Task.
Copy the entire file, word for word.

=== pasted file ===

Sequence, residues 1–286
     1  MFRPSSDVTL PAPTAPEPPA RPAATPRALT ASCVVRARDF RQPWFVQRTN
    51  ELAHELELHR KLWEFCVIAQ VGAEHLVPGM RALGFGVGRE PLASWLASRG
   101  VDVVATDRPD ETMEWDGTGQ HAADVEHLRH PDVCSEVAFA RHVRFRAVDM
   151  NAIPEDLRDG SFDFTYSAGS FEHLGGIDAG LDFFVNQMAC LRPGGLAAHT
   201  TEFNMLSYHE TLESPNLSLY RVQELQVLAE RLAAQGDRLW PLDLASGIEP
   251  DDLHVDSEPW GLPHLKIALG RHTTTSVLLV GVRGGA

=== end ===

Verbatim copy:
Sequence, residues 1–286
     1  MFRPSSDVTL PAPTAPEPPA RPAATPRALT ASCVVRARDF RQPWFVQRTN
    51  ELAHELELHR KLWEFCVIAQ VGAEHLVPGM RALGFGVGRE PLASWLASRG
   101  VDVVATDRPD ETMEWDGTGQ HAADVEHLRH PDVCSEVAFA RHVRFRAVDM
   151  NAIPEDLRDG SFDFTYSAGS FEHLGGIDAG LDFFVNQMAC LRPGGLAAHT
   201  TEFNMLSYHE TLESPNLSLY RVQELQVLAE RLAAQGDRLW PLDLASGIEP
   251  DDLHVDSEPW GLPHLKIALG RHTTTSVLLV GVRGGA